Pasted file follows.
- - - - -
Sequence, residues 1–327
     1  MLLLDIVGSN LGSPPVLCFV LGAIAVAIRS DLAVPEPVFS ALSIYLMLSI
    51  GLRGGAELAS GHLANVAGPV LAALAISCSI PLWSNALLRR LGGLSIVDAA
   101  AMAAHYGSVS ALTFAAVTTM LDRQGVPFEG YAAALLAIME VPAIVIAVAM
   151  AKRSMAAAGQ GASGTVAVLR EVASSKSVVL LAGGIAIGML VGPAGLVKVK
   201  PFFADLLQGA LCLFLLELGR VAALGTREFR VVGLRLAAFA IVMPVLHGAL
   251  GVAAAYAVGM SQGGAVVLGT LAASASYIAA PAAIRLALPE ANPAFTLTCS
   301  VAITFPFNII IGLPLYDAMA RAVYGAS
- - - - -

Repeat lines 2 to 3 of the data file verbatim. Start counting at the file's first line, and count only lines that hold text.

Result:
     1  MLLLDIVGSN LGSPPVLCFV LGAIAVAIRS DLAVPEPVFS ALSIYLMLSI
    51  GLRGGAELAS GHLANVAGPV LAALAISCSI PLWSNALLRR LGGLSIVDAA